Penguins Fans Have a Lot to Be Thankful For

The Pittsburgh Penguins have had an interesting start to their season. They started strong, but hit a rough patch towards the end of October and into the start of November. The team was on a five-game winning streak until their most recent loss to the Toronto Maple Leafs on Nov. 26. It looks like things may be starting to turn around in Pittsburgh, but even if the Penguins lose the rest of their games this year, fans would still have plenty of reasons to be thankful for their team.

Mario Lemieux

If you were to walk down the street in Pittsburgh and ask the first person you saw who is the greatest Penguins player of all time, the answer would probably be Mario Lemieux. Lemieux was drafted by the Penguins first overall in the 1984 NHL Draft. During his rookie season, he scored 100 points and earned the Calder Memorial Trophy, the NHL’s award for Rookie of the Year. He also led the team to its first Stanley Cup championship during the 1990-91 season, something they went on to do again in 1991-92.

Mario Lemieux Pittsburgh Penguins
Mario Lemieux, Pittsburgh Penguins (Photo by Bruce Bennett Studios via Getty Images Studios/Getty Images)

During the 1992-93 season Lemieux was diagnosed with Hodgkin’s lymphoma, which caused him to miss most of the following year. He completely skipped the 1994-95 season to recover from the radiation treatments, but returned the next year and led the NHL in all scoring categories. Due to the effects of the radiation on his game, he announced his retirement in 1997; however, he came out of retirement three years later. In 2006, a year after Sidney Crosby joined the team, Lemieux decided to hang up his skates for good. Over the span of his career, he earned three MVP awards and brought two championships to Pittsburgh. He is a player that Penguins fans will always be grateful for.

The Core 

Crosby, Evgeni Malkin, and Kris Letang have been playing together in Pittsburgh for almost two decades. They have formed such a special bond over the years, and with the re-signing of Malkin and Letang during the off-season, they will all finish out their careers in Pittsburgh. There were mixed opinions on keeping the core together, but no one can deny how valuable they are not only as a group but also individually.


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Crosby was drafted first overall by the Penguins in 2005 and was named team captain in 2007. There is no question that the Penguins made the right decision. So far this season, he has played in 22 games and scored 11 goals with 18 assists for a total of 29 points. At 35 years old, he is not showing any signs of slowing down, and fans are very thankful to have him in Pittsburgh.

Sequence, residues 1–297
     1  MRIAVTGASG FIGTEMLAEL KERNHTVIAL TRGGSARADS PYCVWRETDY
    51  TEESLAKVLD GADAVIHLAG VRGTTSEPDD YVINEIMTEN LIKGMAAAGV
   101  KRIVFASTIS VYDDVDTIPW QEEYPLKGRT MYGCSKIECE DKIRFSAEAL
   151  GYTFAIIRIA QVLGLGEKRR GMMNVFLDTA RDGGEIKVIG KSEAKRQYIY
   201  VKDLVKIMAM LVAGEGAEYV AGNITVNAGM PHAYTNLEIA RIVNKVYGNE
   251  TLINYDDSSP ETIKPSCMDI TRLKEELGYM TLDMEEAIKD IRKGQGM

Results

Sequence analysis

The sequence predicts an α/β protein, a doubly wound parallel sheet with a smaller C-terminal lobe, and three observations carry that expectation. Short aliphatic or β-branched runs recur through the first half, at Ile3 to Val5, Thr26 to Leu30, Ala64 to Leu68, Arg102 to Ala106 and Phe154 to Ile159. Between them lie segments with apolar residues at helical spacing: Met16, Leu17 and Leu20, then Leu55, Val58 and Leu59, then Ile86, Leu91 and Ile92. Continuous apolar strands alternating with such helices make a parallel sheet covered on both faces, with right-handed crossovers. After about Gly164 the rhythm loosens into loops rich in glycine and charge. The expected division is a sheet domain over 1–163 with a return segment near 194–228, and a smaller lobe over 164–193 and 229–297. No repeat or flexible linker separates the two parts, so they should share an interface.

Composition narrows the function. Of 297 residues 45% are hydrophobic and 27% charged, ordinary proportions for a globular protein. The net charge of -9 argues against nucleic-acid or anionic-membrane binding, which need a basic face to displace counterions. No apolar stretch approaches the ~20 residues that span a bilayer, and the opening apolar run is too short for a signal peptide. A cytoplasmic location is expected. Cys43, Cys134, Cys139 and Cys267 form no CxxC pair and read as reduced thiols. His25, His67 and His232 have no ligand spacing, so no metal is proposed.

Sidney Crosby Pittsburgh Penguins
Sidney Crosby, Pittsburgh Penguins (Amy Irvin / The Hockey Writers)

Malkin signed a four-year contract extension with the Penguins in July, but not everyone was on Team Geno. There were doubts about how productive he could be because of his extensive injury history. He came into this season ready to prove himself and he has done that and more. He just played his 1,000th game in a Penguins’ jersey on Nov. 20 in the 5-3 victory over the Chicago Blackhawks. He scored a goal in that game, and then scored the game-winner in a shootout against the Calgary Flames on Nov. 23. He is playing some of the best hockey of his career, and it is safe to say he has erased any lingering questions about his production level.

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Letang has been a constant in Pittsburgh since the 2007-08 season as their top defenseman. He signed a six-year contract extension over the summer with an average annual value of $6.1 million. This season he is averaging 23:56 of ice time a night; however, his game has looked a little off. In 21 games he has only one goal and a total of 12 points. He has also not looked great on the power play which is an area the team needs to drastically improve. It could be that he is adjusting to playing with someone other than long-time partner Brian Dumoulin, who was moved down to the third pairing due to a lack of production. Even though he has not been at the top of his game, Letang is still a valuable weapon that the Penguins are happy to have.

Penguins Are an Elite Franchise 

The truth is, Penguins fans are spoiled. The team has gone to the playoffs for 16 straight years, which is the longest active streak in North American sports. They have also won five Stanley Cups. Pittsburgh has been giving its fan base elite hockey since the early 90s and that is definitely something fans should be thankful for.


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